ECONOMICS: by Colin TeeseNews Weekly
Lessons from Malaysia's Mahathir
, April 22, 2000
Colin Teese is former Deputy Secretary of the Department of Trade, looks at the Malaysian economy, and asks the question: what lessons does it have for Australia?
The right-wing, London-based Spectator (March 8) rejoiced in the success of Malaysia's Prime Minister Mahathir, who defied the prescription for the economic rescue of his country as laid down by the International Monetary Fund (IMF). Dr Mahathir Mohamad, it will be recalled - to the horror of the orthodox economists and their fellow travellers - chose, instead, to re-regulate foreign investment and peg his currency to the US dollar.
No amount of persuasion, so it seemed, could convince Dr Mahathir to abandon his preference for interventionist capitalism.
Three years on, Dr Mahathir has been vindicated. The Malaysian economy has not merely recovered, but is booming. And, as much to the point, the Malaysian Prime Minister has undermined the credibility of those who insist that current economic orthodoxy is the only way. Bad news for the IMF, and indeed for economic orthodoxy, some would be tempted to conclude. The IMF will never again be able to speak with the same authoritative voice.
Mahathir's actions merit close attention by those in Australia who believe our existing commitment to current economic orthodoxies will one day require revision. Superficially, it is tempting to conclude that Malaysia's success with interventionist measures is proof that orthodox economic solutions don't work. Success or failure is measured by an economy's capacity to generate and sustain growth in per capita Gross Domestic Product (GDP).
It may however, be premature to embrace so sweeping a conclusion. Malaysia, its true, took a different path and succeeded. And Indonesia which took the IMF medicine, seems to have failed.
On the other hand, Korea has wholeheartedly adopted the IMF prescriptions, and succeeded. Whatever its limitations, GDP is, nevertheless, the only universally acceptable basis for comparison. Working within this conventional measure of economic success, what may we conclude from these contradictory outcomes?
The Australian economist John Quiggan has previously asserted (and, though he was speaking generally, his opinions apply equally to Asia) that neither Keynesian interventionism nor neo-classical deregulation and free trade, of themselves, much influence the course of growth.
These different economic strategies differ, not in their capacity to determine growth outcomes, but in their influence over who most benefits from economic growth.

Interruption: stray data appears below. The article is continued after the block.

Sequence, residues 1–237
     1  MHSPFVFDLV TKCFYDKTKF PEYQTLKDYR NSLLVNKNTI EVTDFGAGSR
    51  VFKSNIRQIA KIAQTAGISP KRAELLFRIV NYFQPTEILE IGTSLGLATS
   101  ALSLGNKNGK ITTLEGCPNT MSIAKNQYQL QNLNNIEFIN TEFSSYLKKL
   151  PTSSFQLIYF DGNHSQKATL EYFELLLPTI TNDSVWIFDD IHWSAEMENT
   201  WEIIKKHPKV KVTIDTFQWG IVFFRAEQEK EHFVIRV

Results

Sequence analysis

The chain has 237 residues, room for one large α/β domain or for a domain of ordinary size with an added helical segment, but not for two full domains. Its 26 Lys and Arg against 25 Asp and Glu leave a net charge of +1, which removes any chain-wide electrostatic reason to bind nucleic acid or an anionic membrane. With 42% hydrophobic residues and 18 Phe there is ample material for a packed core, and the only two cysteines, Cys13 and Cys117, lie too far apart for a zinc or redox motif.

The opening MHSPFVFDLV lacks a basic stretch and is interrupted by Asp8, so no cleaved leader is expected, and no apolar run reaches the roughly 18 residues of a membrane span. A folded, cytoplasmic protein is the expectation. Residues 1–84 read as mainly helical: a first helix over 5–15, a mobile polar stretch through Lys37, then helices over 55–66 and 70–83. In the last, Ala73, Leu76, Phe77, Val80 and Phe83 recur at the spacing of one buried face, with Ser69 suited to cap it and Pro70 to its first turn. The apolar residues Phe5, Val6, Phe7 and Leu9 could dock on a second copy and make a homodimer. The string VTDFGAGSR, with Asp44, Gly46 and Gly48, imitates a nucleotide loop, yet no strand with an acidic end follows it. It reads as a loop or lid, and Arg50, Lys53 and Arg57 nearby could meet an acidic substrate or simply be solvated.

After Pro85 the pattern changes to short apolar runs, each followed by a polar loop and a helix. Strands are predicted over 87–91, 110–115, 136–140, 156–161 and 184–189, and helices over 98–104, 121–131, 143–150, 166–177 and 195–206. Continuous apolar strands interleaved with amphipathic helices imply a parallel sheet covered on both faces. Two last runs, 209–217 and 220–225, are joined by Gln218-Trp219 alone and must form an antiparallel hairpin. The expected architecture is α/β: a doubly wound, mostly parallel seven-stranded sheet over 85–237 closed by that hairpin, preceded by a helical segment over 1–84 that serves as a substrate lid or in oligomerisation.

Interventionist capitalism, as proposed by the famous economist John Maynard Keynes, assumes a considerable amount of direct government involvement in the economy.
First, the government is a regulator for the purpose of safeguarding community interests, and especially of those members of the community with insufficient economic power to look after themselves. Secondly, the government is a means of achieving income redistribution through tax collections and allocations.
Current economic orthodoxy rejects all of this in favour of deregulation and lower taxes, especially income taxes. More importantly, it threatens punishment, especially at the hands of the international financial community, for any deviationists. Thus have Western economies and their followers endured and even applauded cuts in community services, including health, transport, education and welfare, and an ever increasing concentration of wealth in fewer hands.
Neo-classical economics, by discrediting the legitimacy of elected governments, and undermining their authority, tend also to confer still greater strength on the rich and powerful. One consequence has been for governments increasingly to pass effective control over economic policy into the hands of ideologically committed central banks.
Not to do so, they have been encouraged to believe, is to risk the wrath of the market forces, which are said to determine the course of economic life. Even if they wish to do so, governments cannot control or regulate these forces.
These so-called realities also provide a convenient foil against the criticism of electors, and thus undermine the democratic process.
Meanwhile part of the process of demonisation of Dr Mahathir has been to characterise him as a dictator. Notably by those in the democracies have happily seen both power and authority pass to unelected, and sometimes foreign, interests.
Dr Mahathir may or may not be committed democrat. Probably he would wish for nothing more than to be regarded as a Malaysian nationalist who has jousted with international markets - or more accurately, those controlling them - and won. Inadvertently, he may have done more. If his example has encouraged other countries to re-evaluate the benefits of independent economic thought in the shaping of policy, he will have done a greater service to the wider international community and perhaps even to the democratic process than his detractors.